Int J Med Sci Image (Click on the image to enlarge.)
 Figure 2 

Receiver-operating characteristic (ROC) curve for different anthropometric assessments in assessing nutritional status using modified quantitative subjective global assessment (MQSGA) as the reference standard (*P < 0.05). For each screening test, sensitivity is plotted against 100-specificity. The ideal test would have 100% sensitivity and 100% specificity and reach the upper left corner of the graph; a test with no diagnosis value would lie along the diagonal between the lower left corner and the upper right corner. Figure 2A ROC curve for body mass index (BMI). Figure 2B ROC curve for mid arm circumference (MAC).

Int J Med Sci Image (Click on the image to enlarge.)

Discussion

Malnutrition is a common concern in hemodialysis patients. About 18% to 75% hemodialysis patients have malnutrition [9]. In our multiple-center study, the patients with malnutrition were 68%, and 8% had severe malnutrition in South China, even under the condition of rapid development of Chinese economy and reforming health care policy.

The global hemodialysis population grew over 9% in 1990-2010, reaching 2.029 million in 2010. And China made up around 7.4% of the global hemodialysis population in 2011 [10]. The annual mortality rate reported in Chinese hemodialysis patients was around 10% [11]. So, the high incidence rate of malnutrition might be involved in the high mortality of hemodialysis patients in China. This indicated the inadequate management and not enough input of hemodialysis patients should be concerned in China. However, the nutritional status evaluation is often ignored and the assessment standard is not definite in hemodialysis population in China. Some anthropometric measurements like body weight, bioelectrical impedance analysis and some biochemical indicators, such as serum albumin are practical in identifying the patients with high risks of malnutrition. However, they can be influenced by some non-nutritional factors, for example edema, iron deficiency anemia, liver disease, and chronic inflammation, etc. Therefore, more elaborate and convenient methods are particularly important.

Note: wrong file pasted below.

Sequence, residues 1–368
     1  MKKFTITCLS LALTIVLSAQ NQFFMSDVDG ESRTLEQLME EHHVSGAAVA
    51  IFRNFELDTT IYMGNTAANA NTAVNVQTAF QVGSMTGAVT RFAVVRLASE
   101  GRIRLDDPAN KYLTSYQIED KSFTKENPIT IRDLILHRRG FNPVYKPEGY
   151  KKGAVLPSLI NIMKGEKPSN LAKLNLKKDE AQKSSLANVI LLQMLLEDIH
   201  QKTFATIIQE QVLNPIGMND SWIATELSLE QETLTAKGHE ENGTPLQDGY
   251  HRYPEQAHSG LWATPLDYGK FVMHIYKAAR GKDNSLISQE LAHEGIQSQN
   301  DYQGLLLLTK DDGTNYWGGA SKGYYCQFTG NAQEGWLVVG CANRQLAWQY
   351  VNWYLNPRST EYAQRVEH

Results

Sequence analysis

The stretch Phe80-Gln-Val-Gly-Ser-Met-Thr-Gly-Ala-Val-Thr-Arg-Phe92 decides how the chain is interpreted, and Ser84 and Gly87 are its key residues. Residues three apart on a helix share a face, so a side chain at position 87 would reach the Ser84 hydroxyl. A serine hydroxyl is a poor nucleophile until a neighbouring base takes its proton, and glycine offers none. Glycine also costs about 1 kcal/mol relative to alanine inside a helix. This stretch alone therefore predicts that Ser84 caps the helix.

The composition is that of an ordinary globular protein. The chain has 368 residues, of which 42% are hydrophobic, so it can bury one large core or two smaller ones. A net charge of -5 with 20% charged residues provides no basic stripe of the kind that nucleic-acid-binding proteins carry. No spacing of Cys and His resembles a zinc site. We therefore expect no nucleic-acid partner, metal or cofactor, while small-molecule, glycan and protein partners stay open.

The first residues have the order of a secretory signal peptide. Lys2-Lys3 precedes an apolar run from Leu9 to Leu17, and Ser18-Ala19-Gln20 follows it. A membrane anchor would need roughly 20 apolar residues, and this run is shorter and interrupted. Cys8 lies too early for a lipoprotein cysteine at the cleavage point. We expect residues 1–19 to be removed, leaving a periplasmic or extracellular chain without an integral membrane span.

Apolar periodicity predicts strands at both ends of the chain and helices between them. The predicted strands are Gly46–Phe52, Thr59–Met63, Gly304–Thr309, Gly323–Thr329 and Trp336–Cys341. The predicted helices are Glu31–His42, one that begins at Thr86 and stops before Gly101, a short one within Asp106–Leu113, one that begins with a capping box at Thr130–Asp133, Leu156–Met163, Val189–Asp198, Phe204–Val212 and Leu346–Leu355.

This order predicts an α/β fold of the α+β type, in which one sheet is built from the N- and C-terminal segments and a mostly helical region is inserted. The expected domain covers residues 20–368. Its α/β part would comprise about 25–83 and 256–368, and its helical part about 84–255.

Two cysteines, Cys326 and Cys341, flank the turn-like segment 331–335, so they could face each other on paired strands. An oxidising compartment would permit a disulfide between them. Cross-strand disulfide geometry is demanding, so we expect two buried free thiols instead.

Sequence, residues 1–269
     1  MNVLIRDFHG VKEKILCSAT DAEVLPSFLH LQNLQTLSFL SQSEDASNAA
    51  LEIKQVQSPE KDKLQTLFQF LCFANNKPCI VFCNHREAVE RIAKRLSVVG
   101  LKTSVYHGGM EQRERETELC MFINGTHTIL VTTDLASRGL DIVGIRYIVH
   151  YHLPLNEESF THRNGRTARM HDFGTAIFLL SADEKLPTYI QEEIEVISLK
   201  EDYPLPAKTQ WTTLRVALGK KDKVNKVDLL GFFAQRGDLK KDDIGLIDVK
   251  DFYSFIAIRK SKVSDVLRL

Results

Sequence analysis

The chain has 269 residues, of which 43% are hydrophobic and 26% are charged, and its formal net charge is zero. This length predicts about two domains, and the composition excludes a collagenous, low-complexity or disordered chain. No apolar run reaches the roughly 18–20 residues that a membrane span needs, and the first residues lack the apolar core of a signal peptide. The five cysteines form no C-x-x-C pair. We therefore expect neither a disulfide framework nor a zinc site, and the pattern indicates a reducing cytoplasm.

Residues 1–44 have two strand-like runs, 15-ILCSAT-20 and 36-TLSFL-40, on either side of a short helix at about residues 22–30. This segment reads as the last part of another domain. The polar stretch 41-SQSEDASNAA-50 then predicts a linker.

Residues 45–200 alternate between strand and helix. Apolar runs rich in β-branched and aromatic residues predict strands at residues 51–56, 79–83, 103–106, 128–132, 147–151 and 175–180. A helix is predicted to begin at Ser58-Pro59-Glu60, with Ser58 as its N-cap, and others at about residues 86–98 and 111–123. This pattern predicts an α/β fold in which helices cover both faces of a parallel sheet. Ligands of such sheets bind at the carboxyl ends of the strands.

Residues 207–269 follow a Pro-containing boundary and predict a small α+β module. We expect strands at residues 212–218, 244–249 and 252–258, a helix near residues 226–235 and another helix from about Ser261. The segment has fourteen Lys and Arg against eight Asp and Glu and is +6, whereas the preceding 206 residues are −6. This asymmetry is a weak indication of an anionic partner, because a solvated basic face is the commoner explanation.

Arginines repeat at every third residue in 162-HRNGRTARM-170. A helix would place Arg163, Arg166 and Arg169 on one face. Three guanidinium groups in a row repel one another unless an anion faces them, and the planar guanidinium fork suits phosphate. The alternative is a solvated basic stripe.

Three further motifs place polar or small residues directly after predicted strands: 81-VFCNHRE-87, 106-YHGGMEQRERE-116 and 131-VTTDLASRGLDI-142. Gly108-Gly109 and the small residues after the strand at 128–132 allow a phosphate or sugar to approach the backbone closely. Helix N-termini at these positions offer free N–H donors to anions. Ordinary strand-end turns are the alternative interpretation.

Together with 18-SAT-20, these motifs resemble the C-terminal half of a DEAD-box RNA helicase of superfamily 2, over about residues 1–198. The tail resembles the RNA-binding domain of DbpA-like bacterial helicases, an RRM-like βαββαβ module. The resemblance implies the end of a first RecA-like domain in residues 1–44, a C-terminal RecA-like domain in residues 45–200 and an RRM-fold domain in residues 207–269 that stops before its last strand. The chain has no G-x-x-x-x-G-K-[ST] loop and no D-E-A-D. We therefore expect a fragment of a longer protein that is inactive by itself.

Multiple methods of nutritional status evaluation are developed ranging from anthropometric measurements (e.g. MAC) to more intricate techniques (e.g. DEXA). MQSGA is a reproducible and practical method for assessing the nutritional status of hemodialysis patients. Kalantar-Zadeh et al. found that MQSGA was a relatively well validated method for assessing nutritional status and significantly correlated with anthropometric measurements [6]. In our study, we found TSF, BSF, subscapular skinfold thickness, etc significantly correlated with the MQSGA (Table 2). Specifically, we demonstrated that BMI and MAC indicated the strong relationship with nutritional status and they had better predictive value for nutritional status evaluation in comparison with the other anthropometric measurements from Table 3 and Figure 1A, 1B. We all know that BMI is a simple and objective measurement to determine the nutritional status, though may not be a sensitive marker of malnutrition [12]. However, in our study, BMI showed relatively higher sensitivity (85.7%). As to MAC, in our finding, it reflected the thickness of subcutaneous fat and muscle, and had a good compatibility with MQSGA. Moreover, ROC analysis indicated the diagnostic efficiency of BMI and MAC in malnutrition. Comparing with BMI, it seemed that MAC could be better predictor. This may attribute to BMI can be influenced by edema or serous cavity effusion. However, BMI should also be considered. Because the normal BMI standard of Chinese population is lower than that the World Health Organization (WHO) recommended standard [13, 14]. In our study, BMI with a threshold value of 21.19 kg/m 2 provided 85.7% sensitivity and 52.8% specificity for the prediction of malnutrition. And the specificity of BMI is higher than that of MAC. So combination of BMI and MAC may be as convenient as MQSGA for evaluation malnutrition of hemodialysis population. And they can be recommended serving as public health evaluation and clinical screening of nutritional status in hemodialysis population. Recently, Hou Y et al. compared different assessments for malnutrition in Chinese hemodialysis patients and found malnutrition-inflammation score (MIS) is a sensitive method [15]. MIS also uses the conventional SGA and 3 additional elements: BMI, serum albumin, and total-iron-binding capacity to represent serum transferrin [16]. However, in this study, MIS showed no significant relation with the percentage of body fat which is associated with increased mortality in hemodialysis patients [17]. In our study, we estimated the nutritional status of hemodialysis patients using MQSGA as a reference and we found MAC and BMI could be better predictor for nutritional status. However, whether combination with MAC, BMI and MQSGA are superior to MIS in hemodialysis estimating malnutrition is not known. More comparative, longitudinal and strenuous studies are needed to confirm the validity of malnutrition evaluation system in Chinese hemodialysis population.